We’ve got Edward (Teddy) King, the Corporal who’s in command as he’s now the highest rank in the unit. Then there’s Smith, an older man, a Lance Corporal who deals with the tank’s mechanics. James Lovell, the vehicle’s driver, was at school with Teddy, while Jack Knibb, the gunner, is from the same part of the country as King – in fact lives and works on the King family’s estate.
So it’s a microcosm of the British class system. Teddy and James were at school together – Public School, obviously; their accents and talk of team sports made that very clear – while Jack’s family is obviously from a much lower social level. His ambition, “when this lot’s over”, is to work with horses on the King family’s estate.
“That’s bollocks”, Smith tells him, “You’ll be forever calling him Sir …”. Smith’s defiantly working class – note how he’s only ever addressed by his surname – and he’s seen a lot of the world as a soldier.
The ‘duty’ element comes because the tank is isolated, with no hope of the men inside being relieved. But it’s their post – it’s where they’ve been stationed – and it’s a terrible crime for a soldier to abandon his post. That’s certainly how Teddy sees it. He’s young, pink-cheeked, and fired with an unshakable belief in the notion of obedience to authority. (As an aside – I’m always fascinated by writers’ names for their characters. This scion of landed gentry has of course been named Edward, after another king: the late King.) There’s no way that this man would countenance surrender.
But that’s not how Smith sees it. Surrender’s their only option – apart from being killed, and Smith doesn’t think the cause is worth dying for. Or morally justified. He’s a veteran of the Boer War, and tells Jack of the horrors and atrocities inflicted by both sides in that conflict. He doesn’t mention the British concentration camps, but he has plenty of memories of burning Boer villages – “You can’t tell the farmers from the guerrillas”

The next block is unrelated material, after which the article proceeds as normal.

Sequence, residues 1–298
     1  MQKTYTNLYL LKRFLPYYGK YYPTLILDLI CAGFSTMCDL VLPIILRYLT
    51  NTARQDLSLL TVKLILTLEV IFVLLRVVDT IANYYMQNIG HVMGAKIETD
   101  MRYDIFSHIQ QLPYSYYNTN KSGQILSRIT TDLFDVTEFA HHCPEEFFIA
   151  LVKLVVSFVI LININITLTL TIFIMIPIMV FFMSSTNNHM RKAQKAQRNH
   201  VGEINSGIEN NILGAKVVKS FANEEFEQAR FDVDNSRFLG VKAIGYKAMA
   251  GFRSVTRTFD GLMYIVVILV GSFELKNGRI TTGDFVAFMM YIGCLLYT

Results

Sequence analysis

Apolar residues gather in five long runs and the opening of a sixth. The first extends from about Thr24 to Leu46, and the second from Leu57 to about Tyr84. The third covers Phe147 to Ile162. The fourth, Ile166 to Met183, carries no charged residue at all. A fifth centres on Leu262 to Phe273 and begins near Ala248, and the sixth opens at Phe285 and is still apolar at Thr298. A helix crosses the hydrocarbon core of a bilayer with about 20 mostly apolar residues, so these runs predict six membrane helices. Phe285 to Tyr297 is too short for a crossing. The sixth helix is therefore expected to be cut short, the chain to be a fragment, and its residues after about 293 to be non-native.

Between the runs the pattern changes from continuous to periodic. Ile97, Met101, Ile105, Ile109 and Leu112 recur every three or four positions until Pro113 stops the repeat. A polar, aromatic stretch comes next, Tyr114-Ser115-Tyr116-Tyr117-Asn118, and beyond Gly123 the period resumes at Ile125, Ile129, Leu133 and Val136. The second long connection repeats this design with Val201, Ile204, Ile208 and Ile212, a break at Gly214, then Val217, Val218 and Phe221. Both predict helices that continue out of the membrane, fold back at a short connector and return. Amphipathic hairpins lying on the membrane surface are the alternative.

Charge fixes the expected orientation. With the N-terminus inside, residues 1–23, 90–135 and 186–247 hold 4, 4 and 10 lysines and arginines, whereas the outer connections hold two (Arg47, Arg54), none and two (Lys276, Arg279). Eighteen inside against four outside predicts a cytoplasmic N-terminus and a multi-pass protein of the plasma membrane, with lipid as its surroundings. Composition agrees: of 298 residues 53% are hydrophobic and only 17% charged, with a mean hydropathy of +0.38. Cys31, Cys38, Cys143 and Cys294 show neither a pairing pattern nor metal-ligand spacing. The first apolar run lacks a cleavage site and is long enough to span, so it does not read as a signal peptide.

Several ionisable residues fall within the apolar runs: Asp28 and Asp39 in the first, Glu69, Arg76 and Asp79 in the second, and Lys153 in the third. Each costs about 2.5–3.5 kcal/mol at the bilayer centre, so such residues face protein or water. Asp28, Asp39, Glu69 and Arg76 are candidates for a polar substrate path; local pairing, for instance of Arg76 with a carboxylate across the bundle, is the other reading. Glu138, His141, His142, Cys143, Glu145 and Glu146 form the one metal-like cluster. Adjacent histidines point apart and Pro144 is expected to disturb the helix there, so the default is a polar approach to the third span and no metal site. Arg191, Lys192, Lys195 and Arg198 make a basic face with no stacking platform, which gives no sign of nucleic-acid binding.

After several nights of assaults on the tank which they repulse with machine gun fire, a German officer approaches to offer them the chance to surrender. Initially there’s refusal, vigorously enforced by Teddy – but eventually it’s James, Teddy’s schoolmate, who negotiates with the enemy Captain for the trapped men’s release.
At the start James had seemed nervous and insecure, very much in Teddy’s shadow; indeed their own Captain had classified him as ‘Weak’. But under pressure the boy grew quickly into a man, able to deal on equal terms with the much older German officer. Brokering an arrangement that allowed the men to return to the British lines. “It will be hard to restrain the natural instincts of my men”, the officer had said. “But they are your men”, James replied. Officer to officer, responsible for the men under their command. James knew that he was abandoning his post – a crime for which he himself would be shot as a deserter – but he had ensured the survival of those of his men that remained.
Or had he? Three of them had to walk back across no-man’s land, under the gaze of the comrades of the German soldiers they had killed. As they stepped gingerly down the auditorium aisle, I sat wincing, breathlessly waiting to see if three shots would ring out …